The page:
Plan out your days if you can. Do you want to get a job during this time? Join a club? Try something new? This is the time to plan all that! There are classes out there you can do, get-togethers with friends you can plan and much much more. Start searching and planning now and fill up that calendar so that the days will go by fast during the deployment.
- “I sign up for different classes and organizations to make sure I have plenty of activities to keep me busy while he’s away.” – Jessica
- “I find it helpful to look back, remember some routines and ideas that worked and keep them in mind. This is also a good way to remind yourself the struggles the Lord brought you through in the past so you remember His strength going into it again! After all that, I then remind myself over and over that because a routine or plan worked before doesn’t mean it has to work that way this time! Every deployment is so different, the key is staying flexible and remembering Who is in control!” – She is Fierce
3. Start Saving and Buying NOW.
This is another one of those things I wished we knew about last deployment. The military gave my husband a huge list of things he needed to bring on deployment, from clothing items and uniforms to toiletries to things like backpacks and bags to carry it all over in. And let me tell you the military does not pay for the list of stuff he MUST bring over – at least not in the Air Force. We were not prepared for all the money spent on all the things he needed just to get over there.
Not only was there a list of things he needed, but I wished I had started looking around and saving for care package items before he left. Care packages are a lot more expensive than people let on and I was surprised at how much money I had to put into them. I’m not saying it’s not worth it because it definitely was, but it was a struggle to find cheap things to fill an entire box and not break our budget!
My suggestion is start as soon as you can to put away money for the things your husband is going to need. Start shopping the sales and look for items that would be good for care packages. The dollar store is a great place to start! Put any items you buy away for later and watch as your pile grows!
4. Things to do Before Your Spouse Leaves.
This is last on my list, but also very very important. Start making a list of things that need to be done before your spouse leaves on deployment. Make a list of maintenance things that need to be done around the house. Make a list of things that may need to be done on the car as well and have your spouse make sure it is in top running order before they leave.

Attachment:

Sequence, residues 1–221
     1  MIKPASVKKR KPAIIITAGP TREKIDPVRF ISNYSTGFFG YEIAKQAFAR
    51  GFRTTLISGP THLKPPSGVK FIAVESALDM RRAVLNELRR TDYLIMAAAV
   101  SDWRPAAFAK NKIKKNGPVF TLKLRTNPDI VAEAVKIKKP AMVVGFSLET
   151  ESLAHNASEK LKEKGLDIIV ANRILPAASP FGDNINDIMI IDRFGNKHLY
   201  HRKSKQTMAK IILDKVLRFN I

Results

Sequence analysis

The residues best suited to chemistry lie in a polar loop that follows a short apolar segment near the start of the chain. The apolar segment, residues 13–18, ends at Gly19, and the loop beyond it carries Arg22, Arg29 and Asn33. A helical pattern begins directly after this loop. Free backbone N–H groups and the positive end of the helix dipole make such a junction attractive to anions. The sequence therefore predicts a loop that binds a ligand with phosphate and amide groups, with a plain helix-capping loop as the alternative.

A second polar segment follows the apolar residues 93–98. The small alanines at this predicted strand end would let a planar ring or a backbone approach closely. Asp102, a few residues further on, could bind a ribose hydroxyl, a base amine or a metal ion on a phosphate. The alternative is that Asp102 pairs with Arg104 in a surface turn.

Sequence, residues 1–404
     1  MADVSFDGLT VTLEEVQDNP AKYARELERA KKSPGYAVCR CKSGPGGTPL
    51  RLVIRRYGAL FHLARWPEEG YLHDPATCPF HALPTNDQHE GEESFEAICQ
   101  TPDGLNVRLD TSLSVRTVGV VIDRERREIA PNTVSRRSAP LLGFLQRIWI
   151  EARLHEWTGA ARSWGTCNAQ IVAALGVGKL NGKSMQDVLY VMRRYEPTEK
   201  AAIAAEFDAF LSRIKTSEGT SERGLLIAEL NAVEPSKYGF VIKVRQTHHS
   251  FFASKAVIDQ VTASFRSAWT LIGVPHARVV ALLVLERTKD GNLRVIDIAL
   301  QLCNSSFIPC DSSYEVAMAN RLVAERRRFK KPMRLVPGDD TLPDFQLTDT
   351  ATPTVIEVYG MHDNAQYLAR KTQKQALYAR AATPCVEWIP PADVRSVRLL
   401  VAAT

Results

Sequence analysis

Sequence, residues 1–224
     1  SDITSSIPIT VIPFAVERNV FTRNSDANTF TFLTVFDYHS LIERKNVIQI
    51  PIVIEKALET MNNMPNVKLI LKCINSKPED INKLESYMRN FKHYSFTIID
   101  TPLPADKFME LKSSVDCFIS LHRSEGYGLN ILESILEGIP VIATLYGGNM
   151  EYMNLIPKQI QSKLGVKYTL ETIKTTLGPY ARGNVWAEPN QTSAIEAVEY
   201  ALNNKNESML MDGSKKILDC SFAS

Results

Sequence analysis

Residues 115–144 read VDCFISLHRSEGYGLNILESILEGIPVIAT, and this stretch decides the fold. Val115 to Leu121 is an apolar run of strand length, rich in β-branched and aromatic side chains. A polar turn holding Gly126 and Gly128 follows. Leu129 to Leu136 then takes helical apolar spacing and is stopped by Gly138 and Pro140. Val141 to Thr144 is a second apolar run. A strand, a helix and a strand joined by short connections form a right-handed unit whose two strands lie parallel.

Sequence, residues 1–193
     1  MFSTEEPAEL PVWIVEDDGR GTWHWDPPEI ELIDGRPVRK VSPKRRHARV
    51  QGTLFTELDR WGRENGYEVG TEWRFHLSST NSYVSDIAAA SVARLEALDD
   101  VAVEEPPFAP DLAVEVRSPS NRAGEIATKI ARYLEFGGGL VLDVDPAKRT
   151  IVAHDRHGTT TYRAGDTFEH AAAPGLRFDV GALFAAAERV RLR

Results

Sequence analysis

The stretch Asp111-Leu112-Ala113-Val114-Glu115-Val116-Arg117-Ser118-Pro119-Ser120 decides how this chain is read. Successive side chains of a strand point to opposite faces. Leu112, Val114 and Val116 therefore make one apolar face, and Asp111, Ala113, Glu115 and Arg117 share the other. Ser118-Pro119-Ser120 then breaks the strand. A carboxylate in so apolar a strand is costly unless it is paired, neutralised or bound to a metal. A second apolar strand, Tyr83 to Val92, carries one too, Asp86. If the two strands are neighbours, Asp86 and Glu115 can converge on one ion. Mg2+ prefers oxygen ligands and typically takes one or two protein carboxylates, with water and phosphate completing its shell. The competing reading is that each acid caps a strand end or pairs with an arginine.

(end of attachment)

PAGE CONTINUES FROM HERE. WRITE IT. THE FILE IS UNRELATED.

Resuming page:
Remember things such as:
- House maintenance.
- Car maintenance.
- Car oil changes.
- Renewing car tags before they expire.
- Renewing your home lease if you have one.
Make an appointment with the legal office to get your Power of Attorney (POA) made and also a will for both your spouse and yourself. Make sure you discuss the things you want in each of your wills before you go to the legal office as it can be embarrassing to have to make and discuss last minute decisions while someone is sitting there with you.
Discuss things such as:
- What kind of POA you will get.
- Who will take care of your children in the event something happens to both you and your spouse.
Make a list of “honey do” or maintenance things that need to be done around the house/to vehicles before he goes, update family pictures and pictures of daddy/kiddo, deployment animals/pillows (usually a trip to build a bear involved), try to set some time aside for a mini-vacation/trip or even a “stay-cation” to make special memories before he leaves, get computers/cell phones/communication devices (skype/camcorders) in top working order. He also makes sure a fully stocked emergency kit is in my car along with updating my home tool kit so I can tackle basic things without having to hunt through his tools.
I always make a deployment binder/section for my household binder that contains his deployment address, powers of attorney, updated wills, points of contact, his itinerary etc. At our other house this also included his map of how to set out the sprinklers in the spring/summer for adequate lawn watering. At this house it will included simplified directions on working the sprinkler system, when he changes the air filters etc.
We have a “finance” meeting to go over what funds he will need while there and when I will transfer etc. (I manage finances 100% of the time so there is no change of hands there, but he leaves his joint account card at home and takes one that is for a separate account and I transfer funds he needs to that card. This helps prevent us being affected in a huge way if his card is lost/stolen because I can instantly transfer all funds back to the joint account.)
Also, we update passports for all family members so that if needed we can travel out of the country. Some don’t know that for a child to be able to get a passport both parents must be present or a form must be signed and notarized by the parent not present and you have to apply for the passport within a certain time frame (30-90) days of that form being filled out.
Oh and we always grab a couple international phone cards (Sams club has the best rates) for him to use if needed during travel. – Catherine
Stay tuned for other deployment related posts such as:
- How to Get Through a Long Pre-Deployment Period
- Helping Young Children Through Deployment
What are some ways YOU start preparing for deployment? What are some lessons you learned your first deployment that helped you prepare for the next one(s)?